Alamance County has seen a bump in new coronavirus cases over the past few weeks due, in part, to the spread of COVID-19 at Elon University.
But the mass testing which Elon has launched to address these infections has also tamped down the county’s positive test rate – a metric that has become important to public health officials as they struggle to contain the coronavirus pandemic.
Elon’s double-edged impact on the county’s numbers was brought to the fore earlier this week when Alex Rimmer, the county’s interim health director, delivered a semimonthly report on the pandemic to Alamance County’s board of commissioners.
During the board’s latest meeting on Monday, Rimmer told the commissioners that, as of Sunday, the county had 490 active coronavirus cases as well as a cumulative case count of 5,666. She added that the county’s case load was particularly high among 20- to 29-year-olds – a skew that she partly attributed to infections at Elon University.
Rimmer went on to inform the commissioners that, at last count, the university had 259 active cases and 641 students in isolation or quarantine because they had contacted COVID-19 or been in contact with someone who had. Rimmer acknowledged that these numbers only overlap with the county’s statistics when students reside in Alamance County at least 6 months of the year. She conceded, however, that the university has accounted for roughly three fifths of the county’s new cases.
Rimmer went on to discuss the effect of mass testing at Elon after Amy Scott Galey, the chairman of Alamance County’s commissioners, alluded to the university’s recent push to have every student on campus tested for COVID-19.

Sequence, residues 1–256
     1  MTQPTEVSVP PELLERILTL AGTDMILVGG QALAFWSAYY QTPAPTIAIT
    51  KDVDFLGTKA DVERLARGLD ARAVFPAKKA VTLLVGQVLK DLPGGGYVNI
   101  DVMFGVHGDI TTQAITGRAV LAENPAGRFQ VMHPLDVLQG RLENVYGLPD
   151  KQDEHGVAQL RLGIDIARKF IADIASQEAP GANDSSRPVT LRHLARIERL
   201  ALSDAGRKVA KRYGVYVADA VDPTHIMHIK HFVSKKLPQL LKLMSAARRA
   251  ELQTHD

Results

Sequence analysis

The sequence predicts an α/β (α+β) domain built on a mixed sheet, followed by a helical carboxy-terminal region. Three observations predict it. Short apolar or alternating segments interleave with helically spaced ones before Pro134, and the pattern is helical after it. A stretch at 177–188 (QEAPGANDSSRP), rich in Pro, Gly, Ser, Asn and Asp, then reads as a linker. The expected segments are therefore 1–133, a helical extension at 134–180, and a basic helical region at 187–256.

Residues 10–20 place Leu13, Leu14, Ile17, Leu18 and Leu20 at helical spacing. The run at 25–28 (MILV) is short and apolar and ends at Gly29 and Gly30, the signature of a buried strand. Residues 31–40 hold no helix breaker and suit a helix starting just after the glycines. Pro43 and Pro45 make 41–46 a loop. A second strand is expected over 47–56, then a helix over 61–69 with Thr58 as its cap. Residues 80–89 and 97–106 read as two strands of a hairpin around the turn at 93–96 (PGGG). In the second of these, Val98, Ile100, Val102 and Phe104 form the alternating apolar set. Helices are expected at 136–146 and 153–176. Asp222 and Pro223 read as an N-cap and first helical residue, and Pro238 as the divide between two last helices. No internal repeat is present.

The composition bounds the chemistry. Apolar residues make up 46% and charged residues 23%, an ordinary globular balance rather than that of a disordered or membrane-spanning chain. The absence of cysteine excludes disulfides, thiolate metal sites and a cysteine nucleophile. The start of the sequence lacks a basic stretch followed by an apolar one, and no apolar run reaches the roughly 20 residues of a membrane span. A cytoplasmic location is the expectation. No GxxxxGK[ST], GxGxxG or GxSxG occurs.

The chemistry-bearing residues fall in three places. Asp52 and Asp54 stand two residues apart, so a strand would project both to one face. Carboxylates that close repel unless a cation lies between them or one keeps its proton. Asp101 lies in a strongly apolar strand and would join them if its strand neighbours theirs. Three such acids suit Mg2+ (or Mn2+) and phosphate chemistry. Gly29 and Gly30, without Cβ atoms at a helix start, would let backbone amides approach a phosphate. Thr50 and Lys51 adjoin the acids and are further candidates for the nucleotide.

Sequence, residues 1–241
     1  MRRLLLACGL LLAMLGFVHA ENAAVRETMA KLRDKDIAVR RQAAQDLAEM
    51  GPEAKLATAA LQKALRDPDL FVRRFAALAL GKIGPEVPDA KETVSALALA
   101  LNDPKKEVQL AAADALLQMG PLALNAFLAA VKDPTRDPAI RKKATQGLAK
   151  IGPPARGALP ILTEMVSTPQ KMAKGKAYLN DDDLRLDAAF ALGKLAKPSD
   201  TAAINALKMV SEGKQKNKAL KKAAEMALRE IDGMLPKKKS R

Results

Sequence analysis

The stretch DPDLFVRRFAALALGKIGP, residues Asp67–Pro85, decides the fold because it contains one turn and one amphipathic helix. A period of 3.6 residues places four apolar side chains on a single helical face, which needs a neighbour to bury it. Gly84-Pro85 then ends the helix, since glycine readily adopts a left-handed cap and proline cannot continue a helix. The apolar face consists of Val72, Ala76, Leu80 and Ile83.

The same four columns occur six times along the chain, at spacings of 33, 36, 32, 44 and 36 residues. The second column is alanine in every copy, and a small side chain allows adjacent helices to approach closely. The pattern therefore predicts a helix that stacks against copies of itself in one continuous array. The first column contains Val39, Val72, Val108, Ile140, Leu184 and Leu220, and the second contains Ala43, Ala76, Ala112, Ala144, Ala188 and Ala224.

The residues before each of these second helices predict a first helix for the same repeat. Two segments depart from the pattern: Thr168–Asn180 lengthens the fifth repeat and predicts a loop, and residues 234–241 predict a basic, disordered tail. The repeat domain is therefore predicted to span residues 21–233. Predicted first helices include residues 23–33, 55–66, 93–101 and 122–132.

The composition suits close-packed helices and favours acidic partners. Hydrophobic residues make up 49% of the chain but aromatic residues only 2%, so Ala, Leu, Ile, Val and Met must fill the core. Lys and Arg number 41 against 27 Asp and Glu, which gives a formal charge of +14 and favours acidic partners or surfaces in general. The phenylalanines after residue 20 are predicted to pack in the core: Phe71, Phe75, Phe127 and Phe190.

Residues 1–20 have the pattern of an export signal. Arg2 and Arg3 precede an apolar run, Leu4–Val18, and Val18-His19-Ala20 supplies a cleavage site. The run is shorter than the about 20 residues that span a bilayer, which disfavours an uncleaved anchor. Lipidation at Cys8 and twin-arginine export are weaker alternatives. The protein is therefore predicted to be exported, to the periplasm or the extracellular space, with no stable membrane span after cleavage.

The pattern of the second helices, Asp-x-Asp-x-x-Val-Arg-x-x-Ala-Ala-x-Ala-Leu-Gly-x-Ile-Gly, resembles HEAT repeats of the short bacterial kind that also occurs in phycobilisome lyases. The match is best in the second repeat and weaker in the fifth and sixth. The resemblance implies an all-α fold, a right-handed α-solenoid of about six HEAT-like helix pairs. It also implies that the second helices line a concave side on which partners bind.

“They tested roughly 5,000 students last week,” she told the commissioners. “They brought in a private lab…and the cases have gone down in terms of the numbers that were positive.”
The county’s interim health director pointed out that, as Elon has tested more and more of its student body, the proportion of positive test results has steadily dropped. Rimmer added that the county’s own positive test rate has fallen in step with Elon’s decline – having dropped from a peak of 8 percent to its current level of 7.1 percent.
“We only do about 3,500 tests a week,” she said of the county’s health department. “With Elon testing so much, that actually drives our percent positivity down.”
Rimmer told the commissioners that Elon plans to conduct more tests later this week to identify any additional students who contracted the virus on Halloween. In order to reduce the prospect of Halloween-related infections, the university closed Haggard Avenue this weekend for an administration-approved movie night that Rimmer said had been billed as a “socially-distanced, mask-wearing event.” Even so, the university is bracing itself for a spike in new cases among students who didn’t take advantage of this supervised holiday bash.
Despite Rimmer’s acknowledgement of the infection control measures at Elon, some of the commissioners were quick to find fault with the university.
Commissioner Eddie Boswell suggested jokingly that the county should bill the tax-exempt institution for the extra workload it has generated for the contact tracing specialists at the local health department. Meanwhile, Steve Carter, the vice chairman of Alamance County’s commissioners, observed the “irony” that Elon’s case count has skyrocketed after students protested an outbreak, which has since petered out, at Alamance County’s jail.
Commissioner Bill Lashley also seized the moment to take a swipe at the university for the alleged social activism of its faculty.
“I think it’s a disgrace,” the long-serving Republican said, “that the person in charge of Elon University hires and knows that seven members of Antifa are professors at Elon.”
Most of the commissioners had less to contribute when Rimmer addressed the 93 deaths that the county had seen at the time from COVID-19.
The interim health director said that the elderly and people with chronic health conditions have constituted the vast majority of these deaths. She also acknowledged that mortality from COVID-19 has been disproportionately high among black and Latino residents.
The only commissioner who had much to say about these statistics was Tim Sutton, who suggested that a comparison of the county’s current death rate with the pre-pandemic figures might help put things into perspective.